The Overtime Threshold

The Overtime Threshold

The Overtime Threshold

In May of last year the Department of Labor announced its ruling to raise the threshold for overtime from $23,660 to $47,476 per year (from $455 to $913 per week). Many businesses and states quickly mobilized to criticize and challenge the ruling. Nevertheless, franchisees scrambled to meet the DOL's December 1 deadline--only to learn at the 11th hour that the deadline was put on hold by the courts.

John Metz, a multi-unit franchisee and franchisor of Hurricane Grill & Wings, says he made the change well in advance of December 1 and he's sticking to it. "As soon as Obama said that's what he wanted to do, we immediately took action as if it would happen." Those changes apply to everyone at corporate, as well as to the managers at his franchised and corporate locations. "I'm very happy with hourly managers and one salaried manager per store," he says. And while he thinks the previous number was much too low, he says the new number is a little high.

"Everybody we're hiring now is hourly, and I think those people are making less," says Gary Robins, a Supercuts franchisee with 51 salons and 400 employees. Without the new rule, he says he would have hired more people into salaried positions. Today he is not only hiring people on an hourly basis, he also is not allowing them to go overtime. "I'll continue to make that change in 2017 until we get some clarity around that rule."

In the big picture, the employer-employee relationship has been changing in the past decades, and it's past time the country's business and regulators caught up with the times. Much of the shift to the so-called flexible economy has been made possible by technology, with Uber, Lyft, and Airbnb the most prominent examples of "two-sided marketplaces" that essentially are middlemen connecting buyers and seller. But so are online ordering and delivery services and staffing agencies.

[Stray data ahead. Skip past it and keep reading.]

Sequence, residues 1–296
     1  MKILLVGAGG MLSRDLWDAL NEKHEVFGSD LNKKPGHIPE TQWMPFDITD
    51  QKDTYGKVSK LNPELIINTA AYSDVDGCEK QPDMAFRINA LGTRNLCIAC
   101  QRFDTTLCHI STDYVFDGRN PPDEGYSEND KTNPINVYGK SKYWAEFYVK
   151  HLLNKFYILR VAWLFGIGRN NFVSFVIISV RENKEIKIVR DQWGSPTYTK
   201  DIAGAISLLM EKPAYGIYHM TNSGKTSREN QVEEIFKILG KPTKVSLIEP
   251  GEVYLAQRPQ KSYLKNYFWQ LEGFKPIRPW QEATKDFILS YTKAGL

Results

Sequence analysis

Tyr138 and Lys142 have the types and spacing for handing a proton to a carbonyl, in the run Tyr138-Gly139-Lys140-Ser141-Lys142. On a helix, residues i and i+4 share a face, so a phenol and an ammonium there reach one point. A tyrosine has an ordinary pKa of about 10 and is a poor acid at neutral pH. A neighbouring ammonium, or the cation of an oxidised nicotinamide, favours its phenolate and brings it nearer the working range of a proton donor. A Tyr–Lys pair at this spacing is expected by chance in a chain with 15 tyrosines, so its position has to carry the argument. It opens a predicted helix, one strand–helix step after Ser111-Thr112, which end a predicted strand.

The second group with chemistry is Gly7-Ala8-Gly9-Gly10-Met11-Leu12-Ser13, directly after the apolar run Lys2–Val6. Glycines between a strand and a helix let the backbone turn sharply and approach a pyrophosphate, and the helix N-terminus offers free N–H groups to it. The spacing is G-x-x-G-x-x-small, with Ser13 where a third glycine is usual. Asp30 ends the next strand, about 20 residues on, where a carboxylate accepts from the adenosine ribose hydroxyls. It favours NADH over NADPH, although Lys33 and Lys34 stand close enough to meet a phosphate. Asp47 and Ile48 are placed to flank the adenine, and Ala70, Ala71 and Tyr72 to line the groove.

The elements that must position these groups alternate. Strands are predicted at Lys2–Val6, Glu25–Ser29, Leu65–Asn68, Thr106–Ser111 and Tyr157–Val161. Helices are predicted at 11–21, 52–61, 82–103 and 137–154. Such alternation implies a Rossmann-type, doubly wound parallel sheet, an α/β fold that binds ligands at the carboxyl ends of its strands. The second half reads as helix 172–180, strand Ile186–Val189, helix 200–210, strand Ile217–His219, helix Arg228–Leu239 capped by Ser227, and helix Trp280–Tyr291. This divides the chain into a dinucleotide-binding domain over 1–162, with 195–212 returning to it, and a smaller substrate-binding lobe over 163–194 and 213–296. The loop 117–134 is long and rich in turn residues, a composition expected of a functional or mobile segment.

Michael Lotito, a franchise attorney who co-chairs the Workplace Policy Institute at Littler Mendelson and is labor counsel to the IFA, refers to a 2014 book by David Weil, Wage and Hour Administrator at the DOL since May 2014. In The Fissured Workplace, Weil argues that the traditional relationship between the employer and employee has broken down and that gig economy workers need more protection. And yes, Virginia, there are plenty of documented abuses of the employer-employee relationship that have, again, drawn increased scrutiny from regulators and legislators alike (think misclassified workers, independent contractors, and companies that try to mask control of the situation and move the liability of the employment relationship to somebody else.)

Again, Lotito cites the "10 percent factor" of bad actors, who tend to define their industries, create negative headlines, and result in compliance requirements that burden business owners. "Employees become more expensive because of all this compliance," he says.

Published: February 14th, 2017

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